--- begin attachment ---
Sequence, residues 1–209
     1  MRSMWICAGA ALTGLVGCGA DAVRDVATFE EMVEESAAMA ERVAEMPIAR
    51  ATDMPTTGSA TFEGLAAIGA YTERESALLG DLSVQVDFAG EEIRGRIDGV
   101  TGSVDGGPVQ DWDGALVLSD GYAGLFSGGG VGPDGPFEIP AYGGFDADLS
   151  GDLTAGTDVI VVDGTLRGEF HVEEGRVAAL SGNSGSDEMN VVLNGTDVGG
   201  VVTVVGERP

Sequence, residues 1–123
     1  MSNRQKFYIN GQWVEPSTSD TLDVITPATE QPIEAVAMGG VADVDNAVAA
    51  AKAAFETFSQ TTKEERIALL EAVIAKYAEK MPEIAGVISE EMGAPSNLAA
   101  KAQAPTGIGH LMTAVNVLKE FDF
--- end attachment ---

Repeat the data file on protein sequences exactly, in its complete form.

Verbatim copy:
Sequence, residues 1–209
     1  MRSMWICAGA ALTGLVGCGA DAVRDVATFE EMVEESAAMA ERVAEMPIAR
    51  ATDMPTTGSA TFEGLAAIGA YTERESALLG DLSVQVDFAG EEIRGRIDGV
   101  TGSVDGGPVQ DWDGALVLSD GYAGLFSGGG VGPDGPFEIP AYGGFDADLS
   151  GDLTAGTDVI VVDGTLRGEF HVEEGRVAAL SGNSGSDEMN VVLNGTDVGG
   201  VVTVVGERP

Sequence, residues 1–123
     1  MSNRQKFYIN GQWVEPSTSD TLDVITPATE QPIEAVAMGG VADVDNAVAA
    51  AKAAFETFSQ TTKEERIALL EAVIAKYAEK MPEIAGVISE EMGAPSNLAA
   101  KAQAPTGIGH LMTAVNVLKE FDF